Select the Correct UV-A Lamp for Your NDT Needs
Blog | 02.10.20
For decades, Mercury and Xenon technology dominated fluorescent inspection methods such as liquid penetrant testing or magnetic particle inspections. While the Xenon technology (MPXL) is still in use, mercury has been widely removed due to environmental regulations and a manufacturing stop of mercury bulbs. LED UV-A light sources are now the preferred solution for NDT professionals, offering advantages such as greater efficiency, lower cost of ownership (i.e. frequent change of bulbs), less heat, instant on/off. However, several technical parameters need consideration when selecting the right UV-A lamp for NDT, such as the emission spectrum and beam profile. Certifications and test reports must accompany the equipment so that the user knows exactly its advantages but also its limitations.
Peak wavelength is the most important criterion when selecting an LED lamp for fluorescent inspection. This is because fluorescent penetrants and magnetic particle materials were designed to fluoresce under UV-A at 365 nm. With LEDs, the peak wavelength can vary. It is important that the correct LEDs are used when the UV lamp is manufactured but also that the electronic and mechanical properties of the UV-A light do not damage the UV-A LEDs with excessive heat. To make sure that an LED UV-A lamp produces fluorescence in penetrants and magnetic particle materials, the LEDs must have a peak wavelength within the range 360-370 nm, irrespective of the time they operate.
Fluorescent penetrant and magnetic particle inspections are performed in a dark environment to increase contrast. It is often the case that traces of visible light generated from the 400 nm plus region, in the form of a glare, can interfere with the actual inspection, producing misleading results. Aerospace specifications such as Rolls-Royce RRES 90061, Airbus AITM6-1001, Nadcap AC7114 but also specifications for the general industry such as ASTM E3022-18 require a UV-A pass filter to block visible emission. For that reason, any lamp used for aerospace inspection, such as the MB 2.0 Series, BB 2.0 Series, UVG3 2.0 Series, UVG5 2.0 Series, GX Series, include a UV-A pass filter to block visible emission.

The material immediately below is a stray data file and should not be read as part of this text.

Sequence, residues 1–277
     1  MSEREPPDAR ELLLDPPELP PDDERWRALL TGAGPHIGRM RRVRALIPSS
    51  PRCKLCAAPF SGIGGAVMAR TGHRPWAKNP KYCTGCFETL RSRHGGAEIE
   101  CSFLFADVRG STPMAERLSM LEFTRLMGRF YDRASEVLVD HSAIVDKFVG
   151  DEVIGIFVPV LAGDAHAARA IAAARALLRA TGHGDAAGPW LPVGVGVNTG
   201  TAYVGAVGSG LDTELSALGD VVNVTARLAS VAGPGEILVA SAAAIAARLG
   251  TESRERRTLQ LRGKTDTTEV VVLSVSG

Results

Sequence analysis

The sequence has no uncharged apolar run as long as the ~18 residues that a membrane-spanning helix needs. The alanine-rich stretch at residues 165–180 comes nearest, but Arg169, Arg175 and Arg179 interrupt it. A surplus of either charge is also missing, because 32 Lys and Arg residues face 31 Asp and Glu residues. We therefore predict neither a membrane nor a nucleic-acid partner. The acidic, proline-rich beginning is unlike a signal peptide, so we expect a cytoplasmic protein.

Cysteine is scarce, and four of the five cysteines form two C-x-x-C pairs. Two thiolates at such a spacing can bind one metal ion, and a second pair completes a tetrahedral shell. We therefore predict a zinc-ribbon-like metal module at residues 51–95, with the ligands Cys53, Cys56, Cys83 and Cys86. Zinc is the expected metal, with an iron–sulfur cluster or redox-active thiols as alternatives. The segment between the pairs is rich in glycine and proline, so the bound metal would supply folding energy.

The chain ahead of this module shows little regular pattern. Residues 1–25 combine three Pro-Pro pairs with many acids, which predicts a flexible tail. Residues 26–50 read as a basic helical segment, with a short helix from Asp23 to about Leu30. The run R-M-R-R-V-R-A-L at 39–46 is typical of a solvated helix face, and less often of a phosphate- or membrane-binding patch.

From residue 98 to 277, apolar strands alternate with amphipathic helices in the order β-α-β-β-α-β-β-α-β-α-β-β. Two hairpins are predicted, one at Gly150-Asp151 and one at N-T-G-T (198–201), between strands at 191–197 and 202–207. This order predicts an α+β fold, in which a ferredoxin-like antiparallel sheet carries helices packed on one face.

Read more about What is ASTM E3022-18 and Why do we need it?
BEAM PROFILE vs WORKING DISTANCE
The beam area of an LED UV-A lamp is the UV-A surface that is covered by at least 1,000 µW/cm2 irradiance. This is the minimum required for an inspection. The covered area varies significantly, depending on the light used. Therefore, it requires exact knowledge by the operator, of the light coverage and from what distance it is generated. UV-A lights often have more than one UV-A LED which create patterns in the form of shades if an operator use the light closer to the object than the specified working distance. This puts the inspection at risk as it could lead to missed indications. It is important for the operator to have knowledge of the values associated with these parameters and can be supplied by us.
Check out Labino’s range of LED UV lamps for non-destructive testing
An LED UV-A lamp can operate on battery power for several hours if it is equipped with a current regulator. The current regulator monitors the battery discharge and shuts the lamp automatically before irradiance drops below 1,000 µW/cm2. This allows a lamp to be portable, a useful tool for field inspections.
Check out Labino’s solutions for field inspection LED UV lamps for non-destructive testing
Check out Labino’s lights tested to comply with ASTM E3022-18
Check out Labino’s lights tested to comply with Rolls-Royce RRES 90061
Check out Labino’s lights tested to comply with Airbus AITM6-1001